07-20-2012 02:45 PM
07-20-2012 02:45 PM
The maximum number of blade-to-I/O-module connections can be realized with two dual-port FC mezzanine cards per blade, giving you a total of 2 * 2 = 4 FC ports in each blade (for a total of 64 ports). There are both 8 Gb and 4 Gb FC mezzanine card models: see below.
If you populate the I/O module slots 3, 4, 5 and 6 with 4 Gb FC Pass-Thru modules, each of these will be a physical port, giving you 64 * 4 Gb ports (and a job of carefully routing and plugging in a lot of fiberoptic cables in a small space without obstructing the cooling airflow of the enclosure). That would give you 4 * 4 Gb of guaranteed dedicated physical bandwidth per blade.
Alternatively, you can use 8 Gb fabric switches as your I/O modules, giving you a maximum of 4 * 8 = 32 uplink ports with a 8 Gb speed. This results in the same total bandwidth (64 * 4 Gb vs 32 * 8 Gb), but with switches you will have a smaller number of physical cables, and if all blades are not producing a full I/O load simultaneously, individual blades can get higher peak I/O bandwidths (a maximum of 4 * 8 Gb for a blade as long as there is enough uplink capacity).
Infiniband: (Disclaimer:I haven't used Infiniband, this is just from reading the docs)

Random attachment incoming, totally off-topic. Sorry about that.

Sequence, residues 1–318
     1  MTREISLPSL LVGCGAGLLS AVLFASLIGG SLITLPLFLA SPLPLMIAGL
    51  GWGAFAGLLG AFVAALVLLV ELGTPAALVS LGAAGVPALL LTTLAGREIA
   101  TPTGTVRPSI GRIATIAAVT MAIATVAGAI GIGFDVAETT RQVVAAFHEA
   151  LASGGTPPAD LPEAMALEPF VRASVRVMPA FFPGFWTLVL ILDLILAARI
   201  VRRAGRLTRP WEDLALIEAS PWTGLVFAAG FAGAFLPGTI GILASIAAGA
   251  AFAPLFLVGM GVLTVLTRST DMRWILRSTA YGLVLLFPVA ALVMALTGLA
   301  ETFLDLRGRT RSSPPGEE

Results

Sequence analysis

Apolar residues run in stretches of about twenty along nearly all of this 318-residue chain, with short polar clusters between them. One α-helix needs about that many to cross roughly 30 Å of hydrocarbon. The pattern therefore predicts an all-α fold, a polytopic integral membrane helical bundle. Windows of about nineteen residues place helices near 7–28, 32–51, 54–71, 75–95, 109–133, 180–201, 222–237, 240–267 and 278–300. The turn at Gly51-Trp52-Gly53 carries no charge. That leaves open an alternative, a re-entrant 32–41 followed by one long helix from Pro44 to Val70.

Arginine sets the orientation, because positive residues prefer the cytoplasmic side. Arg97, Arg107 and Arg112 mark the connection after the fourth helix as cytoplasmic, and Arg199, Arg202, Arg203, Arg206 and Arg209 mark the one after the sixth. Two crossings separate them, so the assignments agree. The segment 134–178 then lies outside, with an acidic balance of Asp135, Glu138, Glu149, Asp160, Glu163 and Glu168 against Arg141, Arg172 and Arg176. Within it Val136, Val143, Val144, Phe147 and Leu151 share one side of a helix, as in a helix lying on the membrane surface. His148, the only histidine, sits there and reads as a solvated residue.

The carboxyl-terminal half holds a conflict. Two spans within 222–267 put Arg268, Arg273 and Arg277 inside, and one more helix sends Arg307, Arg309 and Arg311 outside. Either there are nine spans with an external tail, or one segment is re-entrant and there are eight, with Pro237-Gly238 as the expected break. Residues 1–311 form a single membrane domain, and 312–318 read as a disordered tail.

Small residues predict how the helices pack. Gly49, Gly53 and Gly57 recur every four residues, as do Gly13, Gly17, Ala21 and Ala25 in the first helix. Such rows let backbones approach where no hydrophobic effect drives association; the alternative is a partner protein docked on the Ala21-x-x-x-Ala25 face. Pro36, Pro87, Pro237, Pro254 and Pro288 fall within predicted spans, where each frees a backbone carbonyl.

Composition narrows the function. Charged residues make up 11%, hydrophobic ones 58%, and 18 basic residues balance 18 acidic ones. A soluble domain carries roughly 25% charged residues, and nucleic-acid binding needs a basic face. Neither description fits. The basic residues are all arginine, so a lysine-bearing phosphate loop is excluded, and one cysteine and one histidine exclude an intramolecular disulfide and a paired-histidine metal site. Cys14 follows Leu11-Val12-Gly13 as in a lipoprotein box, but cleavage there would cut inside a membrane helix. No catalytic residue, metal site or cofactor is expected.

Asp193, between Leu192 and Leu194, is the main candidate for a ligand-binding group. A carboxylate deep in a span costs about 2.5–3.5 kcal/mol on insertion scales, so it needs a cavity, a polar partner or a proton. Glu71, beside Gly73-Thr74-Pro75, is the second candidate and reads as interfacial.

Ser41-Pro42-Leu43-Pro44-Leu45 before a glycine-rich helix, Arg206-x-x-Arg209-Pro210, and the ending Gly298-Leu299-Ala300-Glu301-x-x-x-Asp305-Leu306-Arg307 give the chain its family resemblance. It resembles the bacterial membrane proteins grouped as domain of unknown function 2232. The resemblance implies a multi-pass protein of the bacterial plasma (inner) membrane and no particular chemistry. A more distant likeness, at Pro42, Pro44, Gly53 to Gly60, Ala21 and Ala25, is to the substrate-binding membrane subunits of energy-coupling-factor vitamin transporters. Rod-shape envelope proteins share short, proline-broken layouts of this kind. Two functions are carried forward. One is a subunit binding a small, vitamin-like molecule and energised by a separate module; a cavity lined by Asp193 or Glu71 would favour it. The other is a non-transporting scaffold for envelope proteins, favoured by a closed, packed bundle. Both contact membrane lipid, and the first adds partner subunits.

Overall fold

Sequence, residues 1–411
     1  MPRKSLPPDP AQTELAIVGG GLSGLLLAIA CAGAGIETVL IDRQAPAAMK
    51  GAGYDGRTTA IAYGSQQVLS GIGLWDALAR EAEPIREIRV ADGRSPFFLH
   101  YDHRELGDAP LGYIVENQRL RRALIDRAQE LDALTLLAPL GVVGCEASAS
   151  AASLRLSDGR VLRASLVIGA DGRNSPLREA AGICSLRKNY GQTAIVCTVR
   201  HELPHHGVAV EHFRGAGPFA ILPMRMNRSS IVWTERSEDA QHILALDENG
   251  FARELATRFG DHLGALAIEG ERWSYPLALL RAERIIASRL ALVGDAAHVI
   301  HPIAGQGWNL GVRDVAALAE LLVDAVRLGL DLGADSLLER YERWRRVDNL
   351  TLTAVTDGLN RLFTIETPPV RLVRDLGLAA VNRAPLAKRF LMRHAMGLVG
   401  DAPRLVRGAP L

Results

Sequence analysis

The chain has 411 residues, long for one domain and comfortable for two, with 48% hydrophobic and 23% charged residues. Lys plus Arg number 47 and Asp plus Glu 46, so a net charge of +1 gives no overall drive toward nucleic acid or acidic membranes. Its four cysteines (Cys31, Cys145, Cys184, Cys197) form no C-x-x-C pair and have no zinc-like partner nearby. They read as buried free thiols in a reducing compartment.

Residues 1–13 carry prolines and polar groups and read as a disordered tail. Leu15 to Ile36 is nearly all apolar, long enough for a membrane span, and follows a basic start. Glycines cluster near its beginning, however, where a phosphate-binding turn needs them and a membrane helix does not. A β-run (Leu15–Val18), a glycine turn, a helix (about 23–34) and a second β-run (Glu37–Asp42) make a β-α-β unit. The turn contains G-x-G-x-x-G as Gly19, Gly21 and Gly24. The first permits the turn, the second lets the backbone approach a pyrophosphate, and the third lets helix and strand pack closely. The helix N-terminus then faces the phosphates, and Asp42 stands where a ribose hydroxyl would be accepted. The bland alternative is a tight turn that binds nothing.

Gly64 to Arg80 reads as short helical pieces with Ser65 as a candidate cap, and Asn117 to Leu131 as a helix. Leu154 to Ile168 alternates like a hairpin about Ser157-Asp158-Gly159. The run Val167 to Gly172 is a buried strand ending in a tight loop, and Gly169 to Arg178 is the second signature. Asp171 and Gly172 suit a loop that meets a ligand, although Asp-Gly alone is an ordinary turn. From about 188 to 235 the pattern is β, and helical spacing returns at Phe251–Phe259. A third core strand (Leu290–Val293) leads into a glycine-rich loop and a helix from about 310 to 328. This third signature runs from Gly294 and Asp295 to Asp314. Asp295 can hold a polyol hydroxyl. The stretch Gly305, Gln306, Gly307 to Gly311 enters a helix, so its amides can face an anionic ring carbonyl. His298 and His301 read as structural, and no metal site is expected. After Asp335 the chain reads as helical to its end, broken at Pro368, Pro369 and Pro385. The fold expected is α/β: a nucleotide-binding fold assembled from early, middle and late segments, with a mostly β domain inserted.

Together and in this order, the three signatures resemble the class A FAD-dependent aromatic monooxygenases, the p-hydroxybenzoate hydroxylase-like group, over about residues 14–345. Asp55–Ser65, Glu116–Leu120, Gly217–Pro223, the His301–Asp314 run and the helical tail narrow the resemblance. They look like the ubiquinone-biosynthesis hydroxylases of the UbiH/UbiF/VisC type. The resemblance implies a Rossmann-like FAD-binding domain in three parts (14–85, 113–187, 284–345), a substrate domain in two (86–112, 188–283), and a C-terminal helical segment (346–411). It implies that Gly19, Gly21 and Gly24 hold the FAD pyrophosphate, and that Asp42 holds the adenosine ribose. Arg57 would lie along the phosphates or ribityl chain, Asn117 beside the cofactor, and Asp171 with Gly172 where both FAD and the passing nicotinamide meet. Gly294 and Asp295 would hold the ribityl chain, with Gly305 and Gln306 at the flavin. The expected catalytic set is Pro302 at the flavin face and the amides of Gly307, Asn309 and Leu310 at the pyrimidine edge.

The 40 Gbps QDR Infiniband switches (QLogic) can only go to I/O module slots 5-8, so only one dual-port IB mezzanine card per blade can be used. Each Infiniband I/O module is double-wide (takes two slots) and has 16 internal and 18 external ports. This means a total of 32 Infiniband uplinks from your enclosure, each rated at 40 Gbps per port maximum.
There is also a newer Mellanox-based set of Infiniband modules, which can provide 56 Gbps connectivity, although the maximum number of 56 Gbps ports per enclosure is lower (18 uplink ports with 56 Gbps speed). Apparently only the mezzanine slot 1 in each blade can handle the 56 Gbps speed, and so this Infiniband I/O module must go to I/O module slots 3 & 4.
You cannot mix the two Infiniband sets: you must choose either QLogic or Mellanox version.
iSCSI is essentially SCSI over Ethernet, so each NIC can also be an iSCSI interface. Some NICs have hardware-level support for iSCSI, allowing the system to boot from iSCSI storage and maybe some performance enhancement, but since you asked for the maximum number of connections, I'm going to assume that you're using every NIC for iSCSI traffic.
For a maximum number of physical connections, you could plug in a 4-port NIC mezzanine card in each mezzanine slot. This way, you would get 2 x 10 Gb (integrated NICs) + 8 x 1 Gb (mezzanine cards) connections in each blade. If you populate I/O module slots 1 & 2 with 10 Gb pass-thru modules and the rest with 1 Gb pass-thru modules, you'll get a total of 32 x 10 Gb + 96 x 1 Gb uplinks.
(A total of 128 network cables: you would have to be very very neat and methodical in your cable routing or else this will definitely become a huge mess and interfere with the cooling airflow.)
If you want all 10 Gb NICs, there are no quad-port 10 Gb mezzanine cards, only dual-port. This would work out to 96 x 10 Gb network ports. This would achieve the maximum bandwidth per blade: 6 x 10 Gb for each blade.
You could replace the pass-thru I/O modules with switches, but that would reduce the number of uplinks, limiting the overall bandwidth. And you asked for the maximum number of connections...